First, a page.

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Executive Summary | Achieving Success with Modern Analytics

This report examines the drivers for modern analytics and the current state of analytics adoption.

Modern analytics can provide a significant path to value for organizations. Although many companies are still analyzing structured data, newer data sources such as machine data or text or image data, together with newer analytics approaches, including automation and new techniques, are becoming part of an evolving data and analytics landscape.

This report examines the drivers for modern analytics and the current state of analytics adoption (including tools and platforms) and explores the differences between those who are using modern analytics successfully and those who are not.

TDWI research finds that organizations are embracing modern technologies in their efforts to support a modern data infrastructure for analytics and a complex data landscape. These include:

  • Cloud platforms and technologies
  • Automated and augmented tools that help manage and govern data
  • Data fabrics to address hybrid environments
  • Pipelines that can support new data types such as streaming data
  • New governance tools including automated data quality and lineage tools

On the analytics front, about a third of survey respondents are utilizing more advanced analytics techniques such as machine learning and deep learning. Some are embracing self-service tools that may automate the surfacing of insights for business users. A small group is already starting to embrace generative AI models that create new outputs—such as images, music, text, or other forms of media—based on the training data. Organizations are using both open source and commercial products; they are using first-party data as well as data from partners and third-party providers, including marketplace data.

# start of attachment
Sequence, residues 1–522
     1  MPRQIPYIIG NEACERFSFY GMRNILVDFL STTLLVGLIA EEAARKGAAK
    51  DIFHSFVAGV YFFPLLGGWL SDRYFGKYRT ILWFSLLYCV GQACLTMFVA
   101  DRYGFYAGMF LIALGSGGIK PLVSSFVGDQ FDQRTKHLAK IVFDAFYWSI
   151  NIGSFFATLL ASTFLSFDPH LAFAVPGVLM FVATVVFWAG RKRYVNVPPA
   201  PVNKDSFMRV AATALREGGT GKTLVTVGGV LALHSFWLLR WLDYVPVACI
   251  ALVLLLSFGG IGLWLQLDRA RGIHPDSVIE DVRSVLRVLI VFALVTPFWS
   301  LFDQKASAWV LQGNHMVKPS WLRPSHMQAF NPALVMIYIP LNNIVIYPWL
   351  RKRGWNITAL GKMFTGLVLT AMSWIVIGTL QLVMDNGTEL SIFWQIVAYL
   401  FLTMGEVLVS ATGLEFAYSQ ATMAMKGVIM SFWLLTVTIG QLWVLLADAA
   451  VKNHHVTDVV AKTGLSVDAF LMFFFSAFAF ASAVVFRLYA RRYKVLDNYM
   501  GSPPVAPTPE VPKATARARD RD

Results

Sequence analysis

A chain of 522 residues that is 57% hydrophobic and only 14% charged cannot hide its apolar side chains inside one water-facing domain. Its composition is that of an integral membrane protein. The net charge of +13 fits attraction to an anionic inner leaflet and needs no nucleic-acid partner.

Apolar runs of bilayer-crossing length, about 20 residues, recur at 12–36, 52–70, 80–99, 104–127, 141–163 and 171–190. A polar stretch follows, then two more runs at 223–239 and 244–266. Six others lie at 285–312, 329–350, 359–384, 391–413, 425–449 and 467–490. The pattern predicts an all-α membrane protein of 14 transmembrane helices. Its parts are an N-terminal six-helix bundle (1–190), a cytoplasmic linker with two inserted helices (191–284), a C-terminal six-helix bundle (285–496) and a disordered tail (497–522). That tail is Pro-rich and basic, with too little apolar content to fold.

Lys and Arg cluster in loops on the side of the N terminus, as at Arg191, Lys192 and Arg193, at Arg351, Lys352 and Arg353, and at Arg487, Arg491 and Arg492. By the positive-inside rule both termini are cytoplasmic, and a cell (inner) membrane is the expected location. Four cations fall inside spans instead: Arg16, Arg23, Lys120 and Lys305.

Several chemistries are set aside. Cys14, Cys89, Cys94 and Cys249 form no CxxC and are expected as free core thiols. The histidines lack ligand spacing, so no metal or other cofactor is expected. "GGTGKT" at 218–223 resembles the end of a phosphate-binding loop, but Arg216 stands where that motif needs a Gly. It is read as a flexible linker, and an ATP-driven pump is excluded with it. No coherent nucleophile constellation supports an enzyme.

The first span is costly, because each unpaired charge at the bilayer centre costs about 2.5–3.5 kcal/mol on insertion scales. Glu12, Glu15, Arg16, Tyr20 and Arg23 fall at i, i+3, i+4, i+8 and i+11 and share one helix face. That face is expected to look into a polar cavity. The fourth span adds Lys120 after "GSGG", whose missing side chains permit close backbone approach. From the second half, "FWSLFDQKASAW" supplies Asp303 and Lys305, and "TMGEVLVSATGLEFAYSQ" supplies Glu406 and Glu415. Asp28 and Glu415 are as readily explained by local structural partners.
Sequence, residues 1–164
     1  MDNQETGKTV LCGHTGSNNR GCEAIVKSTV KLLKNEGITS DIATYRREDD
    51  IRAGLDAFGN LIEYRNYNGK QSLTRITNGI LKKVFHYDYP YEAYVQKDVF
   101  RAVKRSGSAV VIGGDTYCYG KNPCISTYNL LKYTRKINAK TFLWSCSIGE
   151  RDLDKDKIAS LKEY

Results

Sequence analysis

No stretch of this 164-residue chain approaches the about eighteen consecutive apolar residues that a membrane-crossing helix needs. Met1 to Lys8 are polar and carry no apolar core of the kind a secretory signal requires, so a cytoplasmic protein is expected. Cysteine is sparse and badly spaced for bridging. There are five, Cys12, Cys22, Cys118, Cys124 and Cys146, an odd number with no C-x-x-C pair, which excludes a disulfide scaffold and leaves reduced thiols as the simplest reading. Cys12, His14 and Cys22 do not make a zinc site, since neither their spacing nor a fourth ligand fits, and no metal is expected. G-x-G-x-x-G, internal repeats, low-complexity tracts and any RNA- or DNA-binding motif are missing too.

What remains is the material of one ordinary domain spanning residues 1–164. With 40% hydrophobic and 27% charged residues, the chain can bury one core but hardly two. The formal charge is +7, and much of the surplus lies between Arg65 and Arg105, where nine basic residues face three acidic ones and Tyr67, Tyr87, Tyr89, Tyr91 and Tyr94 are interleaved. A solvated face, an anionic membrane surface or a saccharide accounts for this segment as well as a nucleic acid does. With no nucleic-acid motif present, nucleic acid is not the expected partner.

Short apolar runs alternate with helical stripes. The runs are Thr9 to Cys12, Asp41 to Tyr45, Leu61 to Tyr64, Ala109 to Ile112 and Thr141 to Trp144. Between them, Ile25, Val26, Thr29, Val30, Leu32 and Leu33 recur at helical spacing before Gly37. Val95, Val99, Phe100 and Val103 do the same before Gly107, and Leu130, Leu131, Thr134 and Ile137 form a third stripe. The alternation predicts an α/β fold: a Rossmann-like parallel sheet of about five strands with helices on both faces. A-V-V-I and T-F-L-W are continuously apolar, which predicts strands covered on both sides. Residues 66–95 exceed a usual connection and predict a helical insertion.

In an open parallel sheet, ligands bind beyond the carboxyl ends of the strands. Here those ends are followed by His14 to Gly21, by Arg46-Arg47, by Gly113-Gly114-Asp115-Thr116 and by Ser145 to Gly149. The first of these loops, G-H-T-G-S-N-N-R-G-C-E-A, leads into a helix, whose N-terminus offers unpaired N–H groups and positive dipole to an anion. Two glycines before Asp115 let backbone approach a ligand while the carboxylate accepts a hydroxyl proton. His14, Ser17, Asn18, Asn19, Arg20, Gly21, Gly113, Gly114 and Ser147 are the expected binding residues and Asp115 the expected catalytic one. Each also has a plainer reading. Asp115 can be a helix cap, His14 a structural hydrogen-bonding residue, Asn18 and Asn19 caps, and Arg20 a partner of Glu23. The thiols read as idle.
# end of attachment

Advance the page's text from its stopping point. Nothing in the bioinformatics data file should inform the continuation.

A unique feature of this report is its examination of the characteristics of companies that self-identify as being successful with modern analytics. In other words, it explores how those companies compare to those that are not successful. Some highlights include differences in leadership, organizational style, data platforms, and tools used, as well as how they approach issues such as data literacy and governance. For instance:

  • Those who are successful are more likely to have a committed analytics leader in place (82% versus 51%)
  • Data literacy is a priority (78% versus 44%)
  • They are more likely to state that cloud platforms are a priority (69% versus 44%)

Despite some organizations’ success, many businesses still struggle to implement or see benefits from modern analytics. Part of the issue is with technology. Additionally, there are organizational challenges that must be addressed, which often include building cultures, funding, hiring the right people, and organizing to execute. This report concludes with recommended best practices that can guide your organization to overcome these difficulties and be successful with modern analytics.

SAP, Snowflake, and StreamSets sponsored the research and writing of this report.

About the Author

Fern Halper, Ph.D., is vice president and senior director of TDWI Research for advanced analytics. She is well known in the analytics community, having been published hundreds of times on data mining and information technology over the past 20 years. Halper is also co-author of several Dummies books on cloud computing and big data. She focuses on advanced analytics, including predictive analytics, text and social media analysis, machine-learning, AI, cognitive computing, and big data analytics approaches. She has been a partner at industry analyst firm Hurwitz & Associates and a lead data analyst for Bell Labs. Her Ph.D. is from Texas A&M University. You can reach her by email ([email protected]), on Twitter (, and on LinkedIn (

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